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review 2017-04-18 21:23
A marmite collection of unique characters and stories.
Homesick for Another World: Stories - Ottessa Moshfegh

Thanks to NetGalley and to Vintage for offering me an ARC copy of this collection that I voluntarily chose to review.

I read Moshfegh’s novel Eileen (nominated for the Booker Prize, read my review here), admired it (perhaps liking it is not the right way to describe it) and I was curious to read more by the same author.  When I saw this book on offer I took the chance.

This collection of short-stories does reinforce some of the thoughts I had about Eileen. Ottessa Moshfegh can write, for sure. If the stories in this collection have anything in common, apart from the quality of the writing, is the type of characters. They all (or most) are lonely, only a few are likeable (they can all be liked, but that’s not what I mean) and easy to relate to, they often have disgusting habits (although I suspect that if our lives were put under a microscope and every last little detail was looked at and written down we might not look very pretty either), and are lost. The characters made me think of Sherwood Anderson and Flannery O’Connor (not the style of writing, though): those people who don’t seem to fit anywhere and are utterly peculiar, although many of the characters in the stories are only peculiar because we get a peep into their brains. One gets the sense that they would appear pretty normal from the outside. A man who lives alone at home, watching telly, and is friendly with the girl living next door. A Maths’ teacher, divorced, who might cheat on the students’ exams. A Yale graduate, who does not know what to do with his life, spends too much money on clothes and gets infatuated with a woman he only met briefly once. A couple of children, twins, telling each other stories. An aspiring actor who can’t get any acting jobs.

Of course, there are other things we discover. The man seems to have a strange interest in the girl next door. The Maths’ teacher drinks so much she keeps a sleeping bag at the school (well, it’s really a room in a church) so she can lie down between classes. The graduate has to sell his clothes in a desperate attempt to get the attention of the woman he is mad about. One of the twins is planning to kill a man. The aspiring actor doesn’t know who Scorsese is (or much about anything) and can’t even kiss a girl on camera. The author digs deep into the characters’ façade and pulls a distorted mirror to them, that like in caricature drawings, emphasises the weirdest characteristics rather than what might make them seem ‘normal’ because normal is a construct after all.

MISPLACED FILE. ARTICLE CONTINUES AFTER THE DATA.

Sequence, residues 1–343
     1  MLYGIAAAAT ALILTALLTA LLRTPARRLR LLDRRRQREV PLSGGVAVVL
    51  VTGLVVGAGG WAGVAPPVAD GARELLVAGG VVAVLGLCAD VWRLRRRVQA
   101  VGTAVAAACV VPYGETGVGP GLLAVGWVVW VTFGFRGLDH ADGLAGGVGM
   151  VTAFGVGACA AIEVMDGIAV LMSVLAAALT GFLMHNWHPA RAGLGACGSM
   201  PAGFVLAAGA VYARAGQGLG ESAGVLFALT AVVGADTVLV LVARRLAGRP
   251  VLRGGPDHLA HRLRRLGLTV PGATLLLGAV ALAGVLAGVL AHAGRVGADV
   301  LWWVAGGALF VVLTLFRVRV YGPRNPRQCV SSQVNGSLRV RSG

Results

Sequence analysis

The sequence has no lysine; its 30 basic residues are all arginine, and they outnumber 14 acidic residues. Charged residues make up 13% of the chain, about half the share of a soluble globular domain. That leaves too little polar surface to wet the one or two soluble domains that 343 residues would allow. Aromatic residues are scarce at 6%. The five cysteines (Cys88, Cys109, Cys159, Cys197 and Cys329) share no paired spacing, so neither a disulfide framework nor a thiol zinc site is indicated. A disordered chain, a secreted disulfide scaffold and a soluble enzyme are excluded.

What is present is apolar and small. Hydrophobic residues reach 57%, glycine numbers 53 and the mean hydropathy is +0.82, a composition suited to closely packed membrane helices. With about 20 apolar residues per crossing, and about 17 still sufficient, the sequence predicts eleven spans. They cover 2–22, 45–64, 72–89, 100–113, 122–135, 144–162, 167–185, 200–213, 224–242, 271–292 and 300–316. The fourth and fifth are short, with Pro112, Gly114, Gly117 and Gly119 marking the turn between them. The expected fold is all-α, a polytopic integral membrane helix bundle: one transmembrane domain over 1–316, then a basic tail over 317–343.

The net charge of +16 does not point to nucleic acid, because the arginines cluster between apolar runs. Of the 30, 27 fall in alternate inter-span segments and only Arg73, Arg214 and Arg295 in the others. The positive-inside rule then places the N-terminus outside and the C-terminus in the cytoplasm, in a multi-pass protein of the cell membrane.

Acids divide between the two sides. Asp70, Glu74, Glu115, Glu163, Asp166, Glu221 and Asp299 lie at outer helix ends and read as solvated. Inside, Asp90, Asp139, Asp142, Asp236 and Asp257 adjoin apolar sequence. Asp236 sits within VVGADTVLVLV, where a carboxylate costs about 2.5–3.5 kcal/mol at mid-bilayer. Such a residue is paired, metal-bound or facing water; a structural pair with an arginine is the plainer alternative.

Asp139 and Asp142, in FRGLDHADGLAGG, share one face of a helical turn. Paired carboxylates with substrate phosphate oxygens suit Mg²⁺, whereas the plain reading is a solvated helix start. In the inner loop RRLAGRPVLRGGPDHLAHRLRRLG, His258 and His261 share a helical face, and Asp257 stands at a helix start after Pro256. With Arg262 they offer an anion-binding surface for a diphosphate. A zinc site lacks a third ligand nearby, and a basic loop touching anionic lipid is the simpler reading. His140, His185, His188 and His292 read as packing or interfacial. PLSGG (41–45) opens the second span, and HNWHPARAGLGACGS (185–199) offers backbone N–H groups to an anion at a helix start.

Not many of these stories would fit comfortably into standard definitions of what a short story is supposed to be like. If the author pushes the boundaries with her choice of characters and her descriptions (a lot of them have acne that they squeeze, they are sick or make themselves sick, their bodily functions are described in detail, and some are … well, let’s say ‘alternative’) she does the same with the stories. Quite a few of them seem to be slices of life rather than stories with a beginning, a middle and an end. There are some that have more of a conventional ending (even if it is open ended), but plenty do not and it is up to the reader to decide what, if anything, to make of them. If I had to choose and extract something from the stories (not a lesson as such, but a reflection of sorts) is that perhaps the only characters who end up in a better place or experiencing some sort of happiness (or contentment) are those who don’t try to live up to anybody’s expectations and accept what might appear to be strange alliances and relationships. But perhaps it is just that those are the stories that have stuck more in my head.

Reading the comments, this collection, much like Eileen, is a marmite book. Some people really love it and some hate it with a passion. As I said, the writing is excellent, but you’ll need to have a strong stomach and not mind detailed descriptions of bodily functions and less than flattering individuals (nobody is tall, dark and handsome here, although some characters believe they are). Although many of the stories might feel dispiriting and depressing, this depends on the point of view of the reader and there are very witty lines and funny (but dark) moments.